Danish C79 LMG Optic[edit]

As an iron sighting line alternative, the Danish military uses a 3.4×28 optical sight mounted on top of the receiver which can be set from 300 to 800 meters (328 to 875 yd) in 100 meters (109 yd) increments on their MG 3 (designated as M/62) and later M/60E6. What sets the Danish C79 LMG Optic designated as M/98 apart from the standard C79 optical sight is its unique reticle of a chevron with a height of 12,5 TS and two TS line left and right with a length of 7,5 TS beginning 2,5 TS away from the tip of the chevron. The sight designated as M/99 is also available in a night vision configuration.[19]


The MG 3 seen here in the stationary, heavy machine gun role, mounted on a stabilized Feldlafette tripod and fitted with an optical Zielfernrohr 4 × 24 periscope sight.

In a stationary, heavy machine gun role the MG 3 is mounted on a buffered Feldlafette ("field tripod") that also features storage containers for accessories like the Zielfernrohr 4 × 24 periscope-style telescopic sight. The direct fire only Zielfernrohr 4 × 24 sight like the MG 3 is mounted on the Feldlafette and is graduated from 0 to 1,600 meters (0 to 1,750 yd) in 100 meters (109 yd) increments. The Zielfernrohr 4 × 24 reticle can be illuminated by an external unit. It can also be used with the FERO-Z 51 night sight.[14][15]

A feature of the German World War II Lafette 42 tripod that was not carried over to the MG3 Feldlafette was the Tiefenfeuerautomat ("in-depth automatic fire"). If selected, this feature walked the fire in wave like motions up and down the range between predefined ranges. This sweeping of a given range (Tiefenfeuer – "in-depth fire") continued as long as the gun was fired.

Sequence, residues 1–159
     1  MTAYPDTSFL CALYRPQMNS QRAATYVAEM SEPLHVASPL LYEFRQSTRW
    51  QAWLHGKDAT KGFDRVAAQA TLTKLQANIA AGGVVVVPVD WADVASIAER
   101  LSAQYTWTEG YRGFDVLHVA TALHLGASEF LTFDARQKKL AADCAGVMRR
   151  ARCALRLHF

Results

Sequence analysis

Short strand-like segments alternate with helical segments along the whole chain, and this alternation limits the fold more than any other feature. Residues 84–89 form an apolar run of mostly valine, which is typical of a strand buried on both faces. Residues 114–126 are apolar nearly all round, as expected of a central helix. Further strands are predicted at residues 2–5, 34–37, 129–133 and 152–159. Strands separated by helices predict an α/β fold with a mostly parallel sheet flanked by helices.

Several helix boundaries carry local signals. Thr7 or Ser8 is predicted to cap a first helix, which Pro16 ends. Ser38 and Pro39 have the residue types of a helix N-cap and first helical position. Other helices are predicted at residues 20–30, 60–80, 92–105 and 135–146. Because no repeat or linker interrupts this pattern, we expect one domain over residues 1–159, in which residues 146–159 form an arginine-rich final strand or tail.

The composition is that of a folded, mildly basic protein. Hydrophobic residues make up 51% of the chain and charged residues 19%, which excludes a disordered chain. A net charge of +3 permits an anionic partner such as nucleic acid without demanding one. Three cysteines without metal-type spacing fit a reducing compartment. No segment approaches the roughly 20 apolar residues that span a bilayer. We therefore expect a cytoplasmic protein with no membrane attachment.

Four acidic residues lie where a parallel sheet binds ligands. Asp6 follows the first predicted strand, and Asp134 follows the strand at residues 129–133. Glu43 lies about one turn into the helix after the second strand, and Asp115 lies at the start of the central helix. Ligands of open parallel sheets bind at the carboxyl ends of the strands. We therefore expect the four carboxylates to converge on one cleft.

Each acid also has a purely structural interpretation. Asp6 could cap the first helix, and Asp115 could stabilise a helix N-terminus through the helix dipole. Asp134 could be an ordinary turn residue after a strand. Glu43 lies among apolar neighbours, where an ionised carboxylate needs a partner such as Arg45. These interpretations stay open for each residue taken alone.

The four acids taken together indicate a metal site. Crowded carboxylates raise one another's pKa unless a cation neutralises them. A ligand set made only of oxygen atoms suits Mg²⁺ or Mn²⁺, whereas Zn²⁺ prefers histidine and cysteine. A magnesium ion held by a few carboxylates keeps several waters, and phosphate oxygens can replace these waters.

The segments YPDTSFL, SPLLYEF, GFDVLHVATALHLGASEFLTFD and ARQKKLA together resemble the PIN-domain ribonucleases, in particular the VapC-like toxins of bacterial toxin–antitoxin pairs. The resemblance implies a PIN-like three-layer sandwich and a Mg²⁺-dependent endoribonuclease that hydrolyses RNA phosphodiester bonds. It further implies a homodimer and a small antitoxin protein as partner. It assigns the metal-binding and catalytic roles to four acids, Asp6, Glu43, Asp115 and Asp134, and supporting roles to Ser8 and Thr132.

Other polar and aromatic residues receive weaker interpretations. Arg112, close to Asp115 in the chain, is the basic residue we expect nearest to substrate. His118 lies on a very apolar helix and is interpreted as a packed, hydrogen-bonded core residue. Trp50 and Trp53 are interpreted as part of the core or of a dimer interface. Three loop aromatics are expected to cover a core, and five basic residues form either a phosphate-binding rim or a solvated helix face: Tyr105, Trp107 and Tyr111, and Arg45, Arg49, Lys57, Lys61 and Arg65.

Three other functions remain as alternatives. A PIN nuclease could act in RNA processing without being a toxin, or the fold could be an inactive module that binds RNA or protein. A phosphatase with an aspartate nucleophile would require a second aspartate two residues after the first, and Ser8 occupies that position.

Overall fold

In 1974 the US Army tested German made MG3s alongside eight other contemporary GPMG designs to replace the then-in-service M219 Tank Machine Gun, which was considered unacceptably unreliable by the US Army. The MG3 had a lower Mean Rounds Between Failure than five of the candidates including the M219 and a lower Mean Rounds Between Stoppages than five of the potential replacements, notably including the M60 machine gun.[20]


  • MG 1: Rheinmetall variant of the MG 42, most notably rechambered to fire 7.62×51mm NATO.
  • MG 1A1 (MG 42/58): As MG 1, but with sights properly calibrated for the new round. Sights refitted to existing MG 1s.
  • MG 1A2 (MG 42/59): MG 1A1 variant; product improved with longer ejection port, heavy bolt and friction ring buffer.
  • MG 1A3: MG 1A2 variant; product improvement of all major components.
  • MG 1A4: MG 1 variant; for fixed mount armor use.
  • MG 1A5: MG 1A3 variant; MG1A3s converted to MG1A4 standard.